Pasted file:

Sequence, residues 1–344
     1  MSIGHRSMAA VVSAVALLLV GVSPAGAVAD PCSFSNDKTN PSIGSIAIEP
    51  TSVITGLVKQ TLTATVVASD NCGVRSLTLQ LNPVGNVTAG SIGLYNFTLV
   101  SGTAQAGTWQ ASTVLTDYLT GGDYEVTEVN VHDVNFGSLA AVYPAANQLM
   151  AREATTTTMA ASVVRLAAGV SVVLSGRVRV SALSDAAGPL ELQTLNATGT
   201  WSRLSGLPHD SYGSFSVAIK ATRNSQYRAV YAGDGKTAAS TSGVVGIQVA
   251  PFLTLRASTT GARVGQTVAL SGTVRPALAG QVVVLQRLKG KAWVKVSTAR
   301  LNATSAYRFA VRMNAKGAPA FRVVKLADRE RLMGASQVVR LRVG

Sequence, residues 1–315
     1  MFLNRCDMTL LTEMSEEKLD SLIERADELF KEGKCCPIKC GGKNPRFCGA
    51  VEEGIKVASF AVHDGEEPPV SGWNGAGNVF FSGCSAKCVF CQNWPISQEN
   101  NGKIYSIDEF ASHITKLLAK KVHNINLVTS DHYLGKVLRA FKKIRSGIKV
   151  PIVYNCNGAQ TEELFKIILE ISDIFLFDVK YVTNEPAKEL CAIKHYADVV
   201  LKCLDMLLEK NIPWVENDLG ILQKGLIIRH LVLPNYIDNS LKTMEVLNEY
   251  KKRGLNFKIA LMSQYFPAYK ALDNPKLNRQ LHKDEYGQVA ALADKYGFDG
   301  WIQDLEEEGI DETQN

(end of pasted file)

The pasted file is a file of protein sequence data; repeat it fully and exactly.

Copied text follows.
Sequence, residues 1–344
     1  MSIGHRSMAA VVSAVALLLV GVSPAGAVAD PCSFSNDKTN PSIGSIAIEP
    51  TSVITGLVKQ TLTATVVASD NCGVRSLTLQ LNPVGNVTAG SIGLYNFTLV
   101  SGTAQAGTWQ ASTVLTDYLT GGDYEVTEVN VHDVNFGSLA AVYPAANQLM
   151  AREATTTTMA ASVVRLAAGV SVVLSGRVRV SALSDAAGPL ELQTLNATGT
   201  WSRLSGLPHD SYGSFSVAIK ATRNSQYRAV YAGDGKTAAS TSGVVGIQVA
   251  PFLTLRASTT GARVGQTVAL SGTVRPALAG QVVVLQRLKG KAWVKVSTAR
   301  LNATSAYRFA VRMNAKGAPA FRVVKLADRE RLMGASQVVR LRVG

Sequence, residues 1–315
     1  MFLNRCDMTL LTEMSEEKLD SLIERADELF KEGKCCPIKC GGKNPRFCGA
    51  VEEGIKVASF AVHDGEEPPV SGWNGAGNVF FSGCSAKCVF CQNWPISQEN
   101  NGKIYSIDEF ASHITKLLAK KVHNINLVTS DHYLGKVLRA FKKIRSGIKV
   151  PIVYNCNGAQ TEELFKIILE ISDIFLFDVK YVTNEPAKEL CAIKHYADVV
   201  LKCLDMLLEK NIPWVENDLG ILQKGLIIRH LVLPNYIDNS LKTMEVLNEY
   251  KKRGLNFKIA LMSQYFPAYK ALDNPKLNRQ LHKDEYGQVA ALADKYGFDG
   301  WIQDLEEEGI DETQN